Test your social media savvy. Are the following three statements true or false?
Social media is actually losing popularity.
More adults are on Facebook than teens.
Your social identity isn’t worth much — monetarily.
If you answered “false” across the board, congratulations! But those are just highlights of a much bigger story.
Social media continues to gain users and fans. Though the number of online adults using Facebook has grown steadily (73% as of 2014), 12 to 18-year-olds remain the top age group on that social platform. As far as your online social worth, companies spent $23.68 billion on social media advertising worldwide in 2015, eMarketer reported. Businesses know that strong social identities will share product information with their friends online, potentially influencing others to make a purchase. But it is more than just potential money in the pockets of businesses. Hackers are also profiting from your social identity.
What exactly do we mean by social identity?
Basically, it is the way you represent yourself online. For every online profile you create, you provide numerous details including your personally identifiable information (PII). PII includes your name, birthdate, hometown and much more. Fraudsters can use these facts to harm your reputation and financial wellbeing. Given the very public nature of the Internet, such private information can become known by anyone online if it’s not properly protected.
How public is your private information?
In the same way you wouldn’t leave your wallet open on a restaurant table, exercise caution to secure your personal information online. With each online account and Internet interaction you have, keep in mind the possibility that an unauthorized party could access your information. Malware and spam are among the most common cyber intruders.
Why use social media?
The risks of having personal information compromised on social media might deter some people from such online interaction. However, the personal payoffs are often too significant to give up. Take, for instance, the extraordinary benefit of connecting with others. “The average user of a social networking site has more close ties and is half as likely to be socially isolated as the average American,” according to the most recent Pew Research Internet Project.
It’s hard to ignore the convenience factor. Social profiles save time as “…personal information can be imported from users’ social profiles, reducing — if not eliminating — form filling,” said Ant Allan of Gartner, an IT research and advisory company. Gartner projects that “50 percent of new retail customer identities will be based on social media identities” by the end of 2015 — a 45 percent increase in just two years.
Your online social identity also enables businesses to target you with custom advertising, including coupons and promotions based on your interests. While clearly benefiting retailers, this practice does offer special deals that consumers may not otherwise be aware of.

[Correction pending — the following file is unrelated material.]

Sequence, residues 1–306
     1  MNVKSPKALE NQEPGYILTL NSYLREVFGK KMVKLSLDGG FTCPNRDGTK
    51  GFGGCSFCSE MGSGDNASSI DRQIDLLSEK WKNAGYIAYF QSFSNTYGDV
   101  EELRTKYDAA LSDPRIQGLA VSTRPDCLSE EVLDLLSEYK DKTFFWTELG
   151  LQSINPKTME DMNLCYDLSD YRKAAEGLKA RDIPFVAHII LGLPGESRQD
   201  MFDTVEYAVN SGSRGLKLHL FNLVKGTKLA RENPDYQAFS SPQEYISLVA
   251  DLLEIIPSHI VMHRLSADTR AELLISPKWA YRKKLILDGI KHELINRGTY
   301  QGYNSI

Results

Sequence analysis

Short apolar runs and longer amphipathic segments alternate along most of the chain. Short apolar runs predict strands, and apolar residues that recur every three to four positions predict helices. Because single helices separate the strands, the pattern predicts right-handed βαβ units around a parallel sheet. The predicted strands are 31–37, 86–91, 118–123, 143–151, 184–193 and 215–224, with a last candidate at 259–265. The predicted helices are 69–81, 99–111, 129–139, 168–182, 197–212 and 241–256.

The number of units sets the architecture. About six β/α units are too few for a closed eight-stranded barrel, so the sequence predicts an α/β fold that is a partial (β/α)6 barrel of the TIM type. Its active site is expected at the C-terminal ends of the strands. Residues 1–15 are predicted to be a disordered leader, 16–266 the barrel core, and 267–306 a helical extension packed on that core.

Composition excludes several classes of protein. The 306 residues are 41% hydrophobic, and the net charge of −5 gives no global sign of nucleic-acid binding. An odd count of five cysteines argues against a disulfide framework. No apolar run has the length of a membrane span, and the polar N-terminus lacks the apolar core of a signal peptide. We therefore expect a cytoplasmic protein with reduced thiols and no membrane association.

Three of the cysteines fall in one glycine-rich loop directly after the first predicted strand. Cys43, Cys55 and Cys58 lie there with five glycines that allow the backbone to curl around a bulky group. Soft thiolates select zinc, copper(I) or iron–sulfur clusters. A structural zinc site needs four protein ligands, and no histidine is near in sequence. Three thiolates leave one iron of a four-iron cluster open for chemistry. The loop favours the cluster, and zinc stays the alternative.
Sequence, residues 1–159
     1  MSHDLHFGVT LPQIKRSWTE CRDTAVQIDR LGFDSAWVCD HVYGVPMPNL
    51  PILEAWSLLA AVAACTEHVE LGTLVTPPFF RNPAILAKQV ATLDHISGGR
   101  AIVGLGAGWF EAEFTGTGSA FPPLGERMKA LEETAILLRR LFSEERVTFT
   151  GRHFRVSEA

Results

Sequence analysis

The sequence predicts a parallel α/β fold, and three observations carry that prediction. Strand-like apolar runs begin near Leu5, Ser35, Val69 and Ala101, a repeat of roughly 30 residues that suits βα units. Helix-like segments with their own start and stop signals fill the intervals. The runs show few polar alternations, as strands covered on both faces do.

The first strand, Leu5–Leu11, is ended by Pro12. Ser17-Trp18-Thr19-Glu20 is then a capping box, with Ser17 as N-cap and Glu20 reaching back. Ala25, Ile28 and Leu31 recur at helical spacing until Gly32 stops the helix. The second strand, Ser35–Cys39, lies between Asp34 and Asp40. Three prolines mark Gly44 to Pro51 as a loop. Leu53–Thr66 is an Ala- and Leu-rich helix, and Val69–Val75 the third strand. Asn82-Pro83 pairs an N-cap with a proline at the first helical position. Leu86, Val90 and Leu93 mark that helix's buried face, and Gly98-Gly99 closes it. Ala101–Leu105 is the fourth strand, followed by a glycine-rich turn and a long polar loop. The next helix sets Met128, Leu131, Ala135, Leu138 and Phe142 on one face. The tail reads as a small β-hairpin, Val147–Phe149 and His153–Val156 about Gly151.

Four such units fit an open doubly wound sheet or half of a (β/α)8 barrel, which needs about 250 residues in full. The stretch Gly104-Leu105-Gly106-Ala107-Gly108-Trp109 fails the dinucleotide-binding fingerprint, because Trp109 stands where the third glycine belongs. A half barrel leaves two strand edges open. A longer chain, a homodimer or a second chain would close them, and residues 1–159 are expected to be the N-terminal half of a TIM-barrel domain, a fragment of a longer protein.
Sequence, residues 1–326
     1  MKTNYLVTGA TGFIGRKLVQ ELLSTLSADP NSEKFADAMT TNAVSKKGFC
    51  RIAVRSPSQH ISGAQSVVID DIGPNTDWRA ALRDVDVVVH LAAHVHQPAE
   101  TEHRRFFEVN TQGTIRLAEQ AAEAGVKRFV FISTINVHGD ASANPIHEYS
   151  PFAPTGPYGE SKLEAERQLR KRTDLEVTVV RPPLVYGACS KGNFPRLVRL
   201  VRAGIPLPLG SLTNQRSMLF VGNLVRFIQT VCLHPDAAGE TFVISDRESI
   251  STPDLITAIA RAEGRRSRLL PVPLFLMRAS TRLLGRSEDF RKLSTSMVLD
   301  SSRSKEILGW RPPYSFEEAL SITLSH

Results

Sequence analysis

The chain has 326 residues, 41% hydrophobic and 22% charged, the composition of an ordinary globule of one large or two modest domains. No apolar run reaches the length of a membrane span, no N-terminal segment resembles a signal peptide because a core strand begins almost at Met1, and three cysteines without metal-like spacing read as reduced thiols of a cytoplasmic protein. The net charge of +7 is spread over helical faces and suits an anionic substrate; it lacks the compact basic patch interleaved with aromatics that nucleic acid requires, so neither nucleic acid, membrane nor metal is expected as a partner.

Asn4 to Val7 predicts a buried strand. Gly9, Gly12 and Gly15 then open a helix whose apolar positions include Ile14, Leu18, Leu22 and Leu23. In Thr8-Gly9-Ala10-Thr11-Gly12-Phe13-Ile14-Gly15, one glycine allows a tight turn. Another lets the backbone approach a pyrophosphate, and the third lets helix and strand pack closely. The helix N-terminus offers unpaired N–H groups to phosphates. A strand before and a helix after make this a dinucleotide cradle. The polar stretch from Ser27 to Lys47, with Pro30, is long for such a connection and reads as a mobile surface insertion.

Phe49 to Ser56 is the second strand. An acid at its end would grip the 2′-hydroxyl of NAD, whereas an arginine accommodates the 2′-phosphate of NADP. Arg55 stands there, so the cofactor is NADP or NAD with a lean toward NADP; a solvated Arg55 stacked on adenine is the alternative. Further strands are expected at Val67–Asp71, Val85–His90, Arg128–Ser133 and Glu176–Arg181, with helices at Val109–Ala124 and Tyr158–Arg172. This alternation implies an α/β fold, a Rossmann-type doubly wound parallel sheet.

Who controls your social identity?
You do! When you choose to have an online presence, it’s your responsibility to protect your personal information. Fortunately, most social media platforms offer features to help you control how and with whom you share the information. It’s up to you to take advantage and remain aware of these privacy settings, as you may need to reset them from time to time.
Why is EZShield concerned about your social identity?
As a fraud protection service provider, we want you to be aware of how your social identity, integrally tied to your PII, can be compromised so you can take measures to protect your information.
Given the popularity of social platforms — 74 percent of Internet users and over half of all Americans have social network accounts — it is no wonder online hacking risks are high. While a hack may not be delivered through a social media site, cybercriminals may obtain information from the networking sites to create specific attacks, according to the FBI. Furthermore, a breach can impact online databases like that of the recent 1.2 billion stolen passwords and usernames.
The 10-second Takeaway
- Think before you share — protect your online social identity as you do your SSN
- Use privacy settings — secure your personal information wherever it resides
- Read privacy policies — be aware of how your information is handled
- Create strong passwords and secure them — each of your accounts should have a distinct password
The views and opinions expressed in this article are those of EZShield Inc. alone and do not necessarily reflect the opinions of any other person or entity, including specifically any person or entity affiliated with the distribution or display of this content.